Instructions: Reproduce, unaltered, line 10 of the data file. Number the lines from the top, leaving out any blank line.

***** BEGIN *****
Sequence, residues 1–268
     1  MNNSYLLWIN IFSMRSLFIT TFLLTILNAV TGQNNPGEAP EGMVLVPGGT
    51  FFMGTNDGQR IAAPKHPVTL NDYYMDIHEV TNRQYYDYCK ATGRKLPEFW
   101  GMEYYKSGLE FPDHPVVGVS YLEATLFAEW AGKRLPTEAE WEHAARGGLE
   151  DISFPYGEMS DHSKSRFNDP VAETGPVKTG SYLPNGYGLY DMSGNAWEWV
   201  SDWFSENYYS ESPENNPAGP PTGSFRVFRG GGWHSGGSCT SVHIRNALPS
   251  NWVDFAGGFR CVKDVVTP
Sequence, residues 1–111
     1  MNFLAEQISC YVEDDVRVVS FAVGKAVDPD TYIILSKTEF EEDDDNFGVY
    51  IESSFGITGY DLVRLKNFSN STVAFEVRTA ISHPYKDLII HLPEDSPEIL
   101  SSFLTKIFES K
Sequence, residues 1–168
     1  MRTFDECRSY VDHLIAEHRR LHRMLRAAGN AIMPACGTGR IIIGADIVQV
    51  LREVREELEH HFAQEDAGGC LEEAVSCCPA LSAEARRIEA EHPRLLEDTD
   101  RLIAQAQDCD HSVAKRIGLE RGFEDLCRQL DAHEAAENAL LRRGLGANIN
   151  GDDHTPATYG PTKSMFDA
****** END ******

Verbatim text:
    51  IESSFGITGY DLVRLKNFSN STVAFEVRTA ISHPYKDLII HLPEDSPEIL